At Tiffany, I loved writing about — and collecting — Peretti’s designs. The Diamonds by the Yard pendant, delicate and innocent-yet-sexy, nestles and glints in the clavicle. The sensual, powerful Bone cuff makes everyone who wears it feel like a superhero (long before it made an appearance on Gal Gadot’s wrist in 2020’s Wonder Woman 1984). The smooth, tapered discs of the Round collection are simple and sophisticated — I still laugh remembering the time I got home at 2 a.m., a tiny bit tipsy, and realized as soon as I opened the door that I’d misplaced one of my onyx Round earrings. I ran through the East Village in the snow, coatless, and back to the bar, where I crawled among patrons’ feet until I found the earring, luckily unscathed. And of all the things I lost in my 2013 apartment fire, the dangerously chic gold Scorpion necklace is the only one I still miss.

Elsa Peretti wears strands of her Diamonds by the Yard necklaces
Peretti wears strands of her Diamonds by the Yard in this 1974 photo by Jill Krementz.

Peretti fans have similarly emotional attachments to her designs. “Anytime I wear something by her I feel strong,” says Stellene Volandes, editor in chief of Town and Country, jewelry expert and author of Jeweler: Masters and Mavericks of Modern Design (Rizzoli). “Everything she designed has a quiet strength about it and is one hundred percent now, no matter what year it is. That is her special magic.”

Karen Silveira, creative director at 1stDibs and formerly chief creative officer at Tiffany & Co., agrees. “For every important meeting or interview, I’ve worn either my Bone cuffs or my Snake necklace,” she says. “They serve as a kind of armor and give me a sense of power.”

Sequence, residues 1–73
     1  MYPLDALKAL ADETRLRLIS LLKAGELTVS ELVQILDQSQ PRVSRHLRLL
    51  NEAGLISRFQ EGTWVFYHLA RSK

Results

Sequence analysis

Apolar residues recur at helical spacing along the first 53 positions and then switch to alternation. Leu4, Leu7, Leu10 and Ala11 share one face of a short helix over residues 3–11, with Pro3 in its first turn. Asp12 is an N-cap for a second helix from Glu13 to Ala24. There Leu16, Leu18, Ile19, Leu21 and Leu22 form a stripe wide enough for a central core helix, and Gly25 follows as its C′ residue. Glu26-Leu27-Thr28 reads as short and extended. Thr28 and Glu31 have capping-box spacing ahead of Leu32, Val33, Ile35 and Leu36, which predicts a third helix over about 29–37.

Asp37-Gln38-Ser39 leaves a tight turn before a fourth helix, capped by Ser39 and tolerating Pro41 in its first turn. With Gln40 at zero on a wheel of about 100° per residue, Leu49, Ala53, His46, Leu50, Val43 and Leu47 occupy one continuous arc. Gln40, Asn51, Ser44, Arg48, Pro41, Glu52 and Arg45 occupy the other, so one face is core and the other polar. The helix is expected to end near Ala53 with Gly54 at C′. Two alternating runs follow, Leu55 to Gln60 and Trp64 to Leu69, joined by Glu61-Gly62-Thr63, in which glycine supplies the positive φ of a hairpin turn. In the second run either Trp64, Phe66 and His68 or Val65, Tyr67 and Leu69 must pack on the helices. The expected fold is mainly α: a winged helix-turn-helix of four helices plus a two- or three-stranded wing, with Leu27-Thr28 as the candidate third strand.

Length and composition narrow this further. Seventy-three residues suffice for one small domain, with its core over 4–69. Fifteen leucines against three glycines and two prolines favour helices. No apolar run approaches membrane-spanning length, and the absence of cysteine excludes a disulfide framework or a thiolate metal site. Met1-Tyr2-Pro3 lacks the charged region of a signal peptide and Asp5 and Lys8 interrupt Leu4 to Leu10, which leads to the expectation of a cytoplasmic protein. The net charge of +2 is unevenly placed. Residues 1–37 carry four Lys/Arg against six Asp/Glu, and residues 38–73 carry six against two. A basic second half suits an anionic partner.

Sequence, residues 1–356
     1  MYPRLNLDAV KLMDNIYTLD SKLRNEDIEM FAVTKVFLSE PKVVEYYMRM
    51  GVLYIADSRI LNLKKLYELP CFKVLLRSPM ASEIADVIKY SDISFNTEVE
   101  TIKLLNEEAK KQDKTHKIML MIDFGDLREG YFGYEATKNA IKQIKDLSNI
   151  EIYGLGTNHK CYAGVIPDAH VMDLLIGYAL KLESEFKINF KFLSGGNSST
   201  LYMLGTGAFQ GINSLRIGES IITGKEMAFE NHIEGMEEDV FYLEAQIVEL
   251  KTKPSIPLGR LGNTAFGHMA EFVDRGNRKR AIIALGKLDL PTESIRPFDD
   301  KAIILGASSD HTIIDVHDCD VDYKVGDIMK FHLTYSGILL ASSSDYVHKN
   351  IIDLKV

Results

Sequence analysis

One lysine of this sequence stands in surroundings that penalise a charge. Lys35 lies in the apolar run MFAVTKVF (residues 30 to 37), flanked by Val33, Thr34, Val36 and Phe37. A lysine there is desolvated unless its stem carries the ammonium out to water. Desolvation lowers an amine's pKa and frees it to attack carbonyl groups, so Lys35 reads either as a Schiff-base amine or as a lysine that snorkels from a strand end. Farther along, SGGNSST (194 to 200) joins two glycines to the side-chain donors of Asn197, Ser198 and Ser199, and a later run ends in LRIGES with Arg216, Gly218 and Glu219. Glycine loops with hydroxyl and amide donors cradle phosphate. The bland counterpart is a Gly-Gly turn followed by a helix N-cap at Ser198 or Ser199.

“Elsa wasn’t about expensive — she was about great design,” says Volandes. “The forms are so sensuous and in line with the contours of the body. They are bold but almost fabric-like, very disciplined and consistent in their point of view.”

That point of view was usually rooted in the natural world — a bean, a starfish, a flower, a bone. Peretti absorbed her surroundings and distilled objects to their essential forms. 

In Fifteen of My Fifty With Tiffany, the catalogue for Peretti’s 1990 exhibition at the Fashion Institute of Technology, she explains, “As a child, I kept on visiting the cemetery of a 17th-century Capuchin church with my nanny. All the rooms were decorated with human bones. My mother had to send me back, time and again, with a stolen bone in my little purse. Things that are forbidden remain with you forever.” 

Rebecca, Tiffany Vase, 1987, by Sheila Metzner

The idea for her Snake designs came to her from a rattlesnake tail given to her by a Texan as a good luck charm. “I thought Americans had to be brave, having these kinds of snakes in their backyards,” she writes in the catalogue. Her Aegean links, artfully misshapen as if weathered by ages of exposure to seawater and sand, were inspired by a bit of chain she found while diving in Greece.